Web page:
Paraguay asks Taiwan for S$1.4 billion investment to retain diplomatic ties

The money Beijing has to offer remains a huge temptation.

Kayla Wong | September 29, 2022, 04:15 PM

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One of Taiwan's last remaining diplomatic allies, Paraguay, has requested Taiwan to pump in US$1 billion (S$1.4 billion) worth of investments as a condition for them to retain diplomatic ties.

Paraguayan President Mario Abdo Benítez told Financial Times (FT) that the investment would help him resist "enormous" pressure to shift allegiance to China.

He added that the country is working with Taiwan so that the Paraguayan people "feel the real benefits of the strategic alliance".

Abdo said that what Paraguay wants is US$1 billion, citing the sum of US$6 billion that Taiwan has invested in countries which are not its allies.

"This will help us to build the argument about the importance of this strategic alliance with Taiwan."

"Diplomatic money game"

China has been proactively "poaching" the last remaining allies that Taiwan still has, using attractive offers of loans and aid.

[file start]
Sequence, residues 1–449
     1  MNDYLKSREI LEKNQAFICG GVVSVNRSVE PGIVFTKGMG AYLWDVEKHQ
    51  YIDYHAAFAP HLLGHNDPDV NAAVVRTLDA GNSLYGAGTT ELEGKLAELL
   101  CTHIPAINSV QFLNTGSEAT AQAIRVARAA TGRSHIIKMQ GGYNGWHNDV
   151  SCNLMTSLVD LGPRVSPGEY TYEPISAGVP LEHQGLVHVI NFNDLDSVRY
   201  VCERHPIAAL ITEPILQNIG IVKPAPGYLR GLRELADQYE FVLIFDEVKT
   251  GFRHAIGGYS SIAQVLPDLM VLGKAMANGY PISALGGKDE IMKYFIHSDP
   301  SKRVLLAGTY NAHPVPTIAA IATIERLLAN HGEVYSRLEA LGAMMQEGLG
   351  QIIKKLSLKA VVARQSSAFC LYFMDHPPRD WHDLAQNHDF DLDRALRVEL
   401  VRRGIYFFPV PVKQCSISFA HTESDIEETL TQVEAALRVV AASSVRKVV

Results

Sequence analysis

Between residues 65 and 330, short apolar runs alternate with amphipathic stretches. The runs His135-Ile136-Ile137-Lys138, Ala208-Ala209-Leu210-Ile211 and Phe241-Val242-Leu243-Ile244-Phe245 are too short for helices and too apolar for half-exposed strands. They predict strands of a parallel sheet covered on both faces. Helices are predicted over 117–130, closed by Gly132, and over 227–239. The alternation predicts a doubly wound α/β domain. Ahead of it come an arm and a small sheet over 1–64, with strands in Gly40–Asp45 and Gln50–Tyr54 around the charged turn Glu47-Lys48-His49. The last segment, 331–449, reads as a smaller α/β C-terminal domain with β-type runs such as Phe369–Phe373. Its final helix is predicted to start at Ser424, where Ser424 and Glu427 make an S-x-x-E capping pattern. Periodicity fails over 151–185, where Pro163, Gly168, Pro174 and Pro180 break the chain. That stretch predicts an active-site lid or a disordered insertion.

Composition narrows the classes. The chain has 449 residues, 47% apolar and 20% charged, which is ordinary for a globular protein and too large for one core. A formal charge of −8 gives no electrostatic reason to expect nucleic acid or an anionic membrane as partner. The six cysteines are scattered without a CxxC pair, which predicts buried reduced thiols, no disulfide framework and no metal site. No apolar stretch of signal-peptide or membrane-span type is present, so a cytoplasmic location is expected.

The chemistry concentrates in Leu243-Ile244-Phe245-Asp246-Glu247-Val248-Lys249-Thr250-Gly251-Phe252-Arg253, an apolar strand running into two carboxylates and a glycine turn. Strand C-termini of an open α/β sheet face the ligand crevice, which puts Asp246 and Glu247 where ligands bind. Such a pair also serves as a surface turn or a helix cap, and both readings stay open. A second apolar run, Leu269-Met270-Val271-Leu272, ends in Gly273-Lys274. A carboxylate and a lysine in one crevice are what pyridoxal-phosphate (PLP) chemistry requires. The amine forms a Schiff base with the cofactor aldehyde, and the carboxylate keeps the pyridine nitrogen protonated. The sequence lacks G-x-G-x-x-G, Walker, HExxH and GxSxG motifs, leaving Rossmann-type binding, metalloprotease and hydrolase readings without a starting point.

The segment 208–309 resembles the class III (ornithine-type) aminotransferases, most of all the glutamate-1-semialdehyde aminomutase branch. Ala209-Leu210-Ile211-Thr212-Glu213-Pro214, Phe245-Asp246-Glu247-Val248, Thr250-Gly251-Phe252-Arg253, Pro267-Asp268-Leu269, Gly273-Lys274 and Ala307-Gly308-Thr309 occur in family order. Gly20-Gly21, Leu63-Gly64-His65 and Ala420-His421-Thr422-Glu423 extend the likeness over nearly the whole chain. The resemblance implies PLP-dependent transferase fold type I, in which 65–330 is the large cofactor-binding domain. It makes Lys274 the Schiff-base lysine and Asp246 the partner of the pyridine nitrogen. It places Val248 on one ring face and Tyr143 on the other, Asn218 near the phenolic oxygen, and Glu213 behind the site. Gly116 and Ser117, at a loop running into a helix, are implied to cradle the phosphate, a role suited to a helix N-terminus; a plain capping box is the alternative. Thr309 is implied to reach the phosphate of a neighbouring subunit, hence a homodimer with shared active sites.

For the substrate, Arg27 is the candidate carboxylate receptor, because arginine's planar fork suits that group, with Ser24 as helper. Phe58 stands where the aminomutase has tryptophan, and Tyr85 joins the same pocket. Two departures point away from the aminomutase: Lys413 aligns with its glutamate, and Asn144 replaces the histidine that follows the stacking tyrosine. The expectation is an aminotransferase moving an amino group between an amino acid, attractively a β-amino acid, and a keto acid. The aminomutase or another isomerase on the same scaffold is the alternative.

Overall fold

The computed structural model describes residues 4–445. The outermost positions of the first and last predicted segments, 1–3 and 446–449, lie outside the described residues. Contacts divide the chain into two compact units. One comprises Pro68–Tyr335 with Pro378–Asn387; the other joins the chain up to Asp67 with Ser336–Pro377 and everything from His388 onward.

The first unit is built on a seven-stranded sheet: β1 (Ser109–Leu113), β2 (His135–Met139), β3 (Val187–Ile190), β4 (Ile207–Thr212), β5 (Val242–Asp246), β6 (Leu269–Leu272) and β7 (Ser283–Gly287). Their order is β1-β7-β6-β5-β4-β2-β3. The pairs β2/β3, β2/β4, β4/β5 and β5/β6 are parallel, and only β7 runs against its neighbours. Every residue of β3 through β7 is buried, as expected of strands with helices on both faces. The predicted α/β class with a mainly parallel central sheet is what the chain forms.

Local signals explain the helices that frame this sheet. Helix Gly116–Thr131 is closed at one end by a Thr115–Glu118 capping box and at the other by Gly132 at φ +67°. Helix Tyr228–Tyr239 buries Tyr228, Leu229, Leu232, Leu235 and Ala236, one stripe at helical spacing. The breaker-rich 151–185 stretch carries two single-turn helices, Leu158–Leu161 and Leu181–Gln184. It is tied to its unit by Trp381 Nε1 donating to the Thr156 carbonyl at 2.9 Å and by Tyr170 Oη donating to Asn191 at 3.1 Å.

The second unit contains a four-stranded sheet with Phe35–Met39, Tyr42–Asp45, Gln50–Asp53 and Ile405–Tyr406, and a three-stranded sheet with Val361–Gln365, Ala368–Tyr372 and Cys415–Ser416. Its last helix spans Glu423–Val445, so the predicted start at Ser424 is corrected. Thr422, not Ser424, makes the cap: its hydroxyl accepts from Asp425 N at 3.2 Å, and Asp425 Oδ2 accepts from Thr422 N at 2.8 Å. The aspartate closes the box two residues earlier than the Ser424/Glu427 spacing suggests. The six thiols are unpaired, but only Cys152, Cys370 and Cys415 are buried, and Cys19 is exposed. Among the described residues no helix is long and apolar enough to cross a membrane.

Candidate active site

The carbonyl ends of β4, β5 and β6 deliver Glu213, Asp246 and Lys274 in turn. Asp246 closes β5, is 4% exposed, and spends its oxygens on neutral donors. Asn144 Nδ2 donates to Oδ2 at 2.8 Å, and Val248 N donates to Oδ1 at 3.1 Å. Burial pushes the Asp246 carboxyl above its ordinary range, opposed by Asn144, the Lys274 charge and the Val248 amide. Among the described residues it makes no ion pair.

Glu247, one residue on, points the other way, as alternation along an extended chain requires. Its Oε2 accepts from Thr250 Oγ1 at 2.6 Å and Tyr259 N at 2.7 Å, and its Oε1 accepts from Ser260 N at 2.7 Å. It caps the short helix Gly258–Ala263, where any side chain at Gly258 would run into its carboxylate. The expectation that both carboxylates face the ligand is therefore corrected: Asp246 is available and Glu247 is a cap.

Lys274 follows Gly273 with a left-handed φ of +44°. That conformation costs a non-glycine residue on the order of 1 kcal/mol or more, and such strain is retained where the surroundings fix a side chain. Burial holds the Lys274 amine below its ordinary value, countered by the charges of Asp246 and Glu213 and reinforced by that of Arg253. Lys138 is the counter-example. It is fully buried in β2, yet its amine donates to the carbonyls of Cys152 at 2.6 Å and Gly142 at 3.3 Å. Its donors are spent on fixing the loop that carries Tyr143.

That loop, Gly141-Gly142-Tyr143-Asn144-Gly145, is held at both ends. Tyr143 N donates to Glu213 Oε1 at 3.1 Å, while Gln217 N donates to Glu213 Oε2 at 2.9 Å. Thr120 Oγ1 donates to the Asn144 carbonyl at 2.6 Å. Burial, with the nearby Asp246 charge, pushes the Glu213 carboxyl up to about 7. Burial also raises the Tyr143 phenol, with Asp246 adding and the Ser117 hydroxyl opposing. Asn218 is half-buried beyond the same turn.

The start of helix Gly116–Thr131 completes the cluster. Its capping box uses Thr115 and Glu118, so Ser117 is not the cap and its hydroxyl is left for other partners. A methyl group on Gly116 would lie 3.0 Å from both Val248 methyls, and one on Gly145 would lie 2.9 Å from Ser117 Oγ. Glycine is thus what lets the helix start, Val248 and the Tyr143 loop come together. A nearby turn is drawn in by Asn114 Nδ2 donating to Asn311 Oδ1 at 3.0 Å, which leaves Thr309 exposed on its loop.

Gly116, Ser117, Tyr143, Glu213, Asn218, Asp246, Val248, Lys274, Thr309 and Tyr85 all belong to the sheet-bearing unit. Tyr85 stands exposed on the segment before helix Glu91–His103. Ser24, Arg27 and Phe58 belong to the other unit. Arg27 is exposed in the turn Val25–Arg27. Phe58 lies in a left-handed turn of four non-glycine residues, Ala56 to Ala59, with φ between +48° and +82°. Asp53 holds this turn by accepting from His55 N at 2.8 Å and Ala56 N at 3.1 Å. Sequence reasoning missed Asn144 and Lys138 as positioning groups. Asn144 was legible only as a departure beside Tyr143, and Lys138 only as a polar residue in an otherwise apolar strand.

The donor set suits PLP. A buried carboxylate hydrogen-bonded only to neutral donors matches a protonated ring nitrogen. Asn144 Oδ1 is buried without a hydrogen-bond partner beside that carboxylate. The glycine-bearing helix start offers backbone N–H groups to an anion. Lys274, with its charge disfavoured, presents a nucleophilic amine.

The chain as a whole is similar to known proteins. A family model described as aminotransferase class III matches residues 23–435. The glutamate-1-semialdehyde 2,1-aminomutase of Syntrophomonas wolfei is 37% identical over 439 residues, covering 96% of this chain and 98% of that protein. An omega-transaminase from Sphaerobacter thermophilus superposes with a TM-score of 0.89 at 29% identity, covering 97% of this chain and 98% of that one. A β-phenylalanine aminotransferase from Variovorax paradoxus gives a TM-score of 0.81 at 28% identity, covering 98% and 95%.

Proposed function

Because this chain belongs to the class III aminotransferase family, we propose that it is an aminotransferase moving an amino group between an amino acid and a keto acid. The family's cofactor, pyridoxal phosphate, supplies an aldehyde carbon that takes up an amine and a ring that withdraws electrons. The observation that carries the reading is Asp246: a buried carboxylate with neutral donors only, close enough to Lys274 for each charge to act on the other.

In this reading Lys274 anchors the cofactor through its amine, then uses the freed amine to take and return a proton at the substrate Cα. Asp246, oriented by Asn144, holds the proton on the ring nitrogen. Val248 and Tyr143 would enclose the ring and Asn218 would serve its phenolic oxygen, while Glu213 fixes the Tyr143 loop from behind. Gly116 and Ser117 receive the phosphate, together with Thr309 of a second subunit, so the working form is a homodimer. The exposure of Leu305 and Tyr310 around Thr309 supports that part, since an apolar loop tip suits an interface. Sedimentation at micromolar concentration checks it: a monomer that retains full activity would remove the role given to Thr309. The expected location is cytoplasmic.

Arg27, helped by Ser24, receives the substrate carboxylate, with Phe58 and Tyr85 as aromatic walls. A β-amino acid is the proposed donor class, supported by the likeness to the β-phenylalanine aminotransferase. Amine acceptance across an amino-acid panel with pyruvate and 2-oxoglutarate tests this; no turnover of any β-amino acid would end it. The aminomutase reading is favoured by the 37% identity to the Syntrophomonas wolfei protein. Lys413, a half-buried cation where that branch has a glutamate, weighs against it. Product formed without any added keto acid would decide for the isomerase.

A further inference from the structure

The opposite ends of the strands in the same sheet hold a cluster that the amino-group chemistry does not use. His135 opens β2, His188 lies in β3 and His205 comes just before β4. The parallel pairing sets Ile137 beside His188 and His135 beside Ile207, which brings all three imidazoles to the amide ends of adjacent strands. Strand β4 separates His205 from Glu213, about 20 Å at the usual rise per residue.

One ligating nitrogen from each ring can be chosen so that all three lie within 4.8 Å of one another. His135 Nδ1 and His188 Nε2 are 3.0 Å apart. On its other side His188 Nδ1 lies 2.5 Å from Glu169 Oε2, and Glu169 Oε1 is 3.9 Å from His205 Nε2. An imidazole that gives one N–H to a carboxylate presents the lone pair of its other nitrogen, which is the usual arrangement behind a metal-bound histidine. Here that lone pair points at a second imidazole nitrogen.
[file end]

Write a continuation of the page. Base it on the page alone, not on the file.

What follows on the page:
The number of countries that still recognise the government in Taipei is down to just 14. They are mostly small, cash-strapped countries in the Pacific, Caribbean and Latin America.

Taiwan has called this strategy by China a "diplomatic money game", according to the BBC.

Paraguay is the largest country by area that still recognises the government in Taipei. Its defection, should it happen, would deal a heavy blow to Taipei.

While Paraguay has consistently expressed their determination to stay allied with Taiwan, they might not be able to hold out for long, given the powerful farming lobbies that want greater access to the massive Chinese market.

"Provocation" from Beijing

In addition, Paraguay is missing out on Beijing's enticing offers of investments and loans, according to FT.

"A study published in the journal Foreign Policy Analysis last year estimated Paraguay’s alliance with Taiwan had cost it the equivalent of 1 per cent of gross domestic product per year in lost aid and investment between 2005-14."

This lost amount that Paraguay could have received from China was "not offset by flows from Taiwan".

Taiwanese President Tsai Ing-wen has spoken against what she called "provocation" from Beijing.

Commenting in 2017 after Panama, one of Taiwan's oldest allies, defected, Tsai said that Taiwan's determination of "not engaging in competition for money diplomacy will not change", and reiterated that Taiwan is "a sovereign country".

She added that the self-ruled island's values and status in the international society "will not be shattered".

Top image by Norberto Duarte/AFP/Getty Images